And so, following my week riding the porcelain express I arrived at the start line sporting a PB for number of pre-race poos (not good) and a secret stash of toilet paper in my race bag. Things would be fine, I thought, so long as I could do a couple of laps, look after Jo and bow out gracefully. But the thing about road racing is that, much like ordering off a chinese-only menu, you never quite know what you're going to get. When Lucy Coldwell from Holden Racing went off the front in the first 400m I figured I could cover the move early, then I'd have done my bit and could exit the race with a clear conscience. But then we were joined by Jessie McLean from Orica-GreenEdge and Bec Werner from SA Specialized and suddenly all the major teams were represented. So the bunch stopped chasing, and suddenly our gap was out to over 2 mins (we hit 3 mins 14 at one point) and we were 65km into a 106km race, the four of us still out there. And I was shitting myself (fortunately only figuratively).

Knowing my predicament, the rest of the VIS crew were on the job and shortly after I imploded JoJo arrived on the scene leading the bunch up the climb, joined by Taz and McConville. Jo's 2nd place capped off some pretty awesome teamwork by all the girls. You don't always see the full story of a bike race if you're not in it, and behind the results sheet lie strategies, efforts, counter-moves and mind games. Every one of us worked our asses off for one collective purpose. I was pretty stoked to be a part of it.

A few people have asked me why I was smiling during the race.  I was smiling because, after the week I'd had, I thought I'd just be making up numbers today. And because this time last year, I was a full-time athlete, in the form of my life, and having less impact on the race than I was now, working full time and having endured The Week From Hell. As I imploded going up the hill after I'd finished in the break and started going backwards, I heard the commentator on the race radio say, 'Well, I would have expected more from Lisa Jacobs' (both a compliment and an insult, if you know what I mean).  But to me, it was such a nice surprise. Thanks to everyone who cheered, because it made my day. Yes, it would have been nice to have had better legs, but that's about it. And a top chick won (the awesome Gracie Elvin, who survived the AIS Selection Survival Camp and just keeps getting stronger). So there were lots of reasons to smile. It was a great day.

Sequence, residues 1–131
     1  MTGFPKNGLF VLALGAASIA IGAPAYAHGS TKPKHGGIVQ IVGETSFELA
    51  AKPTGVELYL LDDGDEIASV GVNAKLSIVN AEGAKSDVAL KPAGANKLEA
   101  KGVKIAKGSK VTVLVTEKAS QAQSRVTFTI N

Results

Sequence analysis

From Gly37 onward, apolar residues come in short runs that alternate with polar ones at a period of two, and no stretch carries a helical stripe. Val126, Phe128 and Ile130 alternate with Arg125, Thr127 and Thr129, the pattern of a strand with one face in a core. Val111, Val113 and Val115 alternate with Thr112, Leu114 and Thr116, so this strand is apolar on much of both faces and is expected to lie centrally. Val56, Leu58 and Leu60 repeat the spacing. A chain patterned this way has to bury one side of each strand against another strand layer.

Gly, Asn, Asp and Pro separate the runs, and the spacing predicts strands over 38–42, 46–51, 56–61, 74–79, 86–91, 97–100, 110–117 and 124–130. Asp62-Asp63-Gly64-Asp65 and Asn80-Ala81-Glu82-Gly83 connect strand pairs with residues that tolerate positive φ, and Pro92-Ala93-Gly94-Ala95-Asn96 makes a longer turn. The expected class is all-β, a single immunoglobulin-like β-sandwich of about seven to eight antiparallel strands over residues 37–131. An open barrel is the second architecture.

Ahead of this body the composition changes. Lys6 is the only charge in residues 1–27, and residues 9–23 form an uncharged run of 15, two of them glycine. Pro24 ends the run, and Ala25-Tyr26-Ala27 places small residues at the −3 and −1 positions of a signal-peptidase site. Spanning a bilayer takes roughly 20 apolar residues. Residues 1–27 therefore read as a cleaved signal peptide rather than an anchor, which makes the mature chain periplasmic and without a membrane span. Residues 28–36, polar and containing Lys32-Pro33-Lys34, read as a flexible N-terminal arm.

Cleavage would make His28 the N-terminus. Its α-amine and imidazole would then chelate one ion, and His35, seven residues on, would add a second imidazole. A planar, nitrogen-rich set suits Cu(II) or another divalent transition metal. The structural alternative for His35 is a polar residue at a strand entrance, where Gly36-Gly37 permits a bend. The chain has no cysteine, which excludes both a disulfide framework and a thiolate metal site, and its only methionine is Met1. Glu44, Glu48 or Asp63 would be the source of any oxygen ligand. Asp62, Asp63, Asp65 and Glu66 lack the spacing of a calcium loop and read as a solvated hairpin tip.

Ride Happy.

Lisa's Mum goes to the Canbrrrrrra Tour

[Image (c) Mark Gunter Photography] Last weekend Lisa's Mum visited Canberra for the Canberra Women's Tour, the latest NRS tour in the ladies' calendar. Actually, she meant to go to Floriade but got the dates wrong. Mum does like a good chrysanthemum. Nevertheless, the racing provided a welcome distraction from the disappointment of missing Canberra's most prestigious flower festival.

Canberra Tour for most of us is known simply as 'The Cold Tour'. In fact, even when there were 2 Canberra Tours in Winter, there was one that was Pretty Cold and one that was So Cold That Your Fingers Felt Like They'd Been Slammed Into A Car Door Cold. Faced with the difficult decision to cut one of the tours from the race calendar, organisers wisely chose to retain the latter tour, presumably because they liked black ice and one of them owned shares in Icebreaker. Not that Lisa's Mum was complaining. On the contrary, she took great delight in finding weather that was cold enough to warrant wearing her fleece-lined, wind-proof, water-resistant, snow-proof bib tights. These tights hadn't been called into service since Lisa's Mum's days as an extra in Olivia Newton-John's 'Let's Get Physical' video clip, and she was pleased for an opportunity to bring them out again.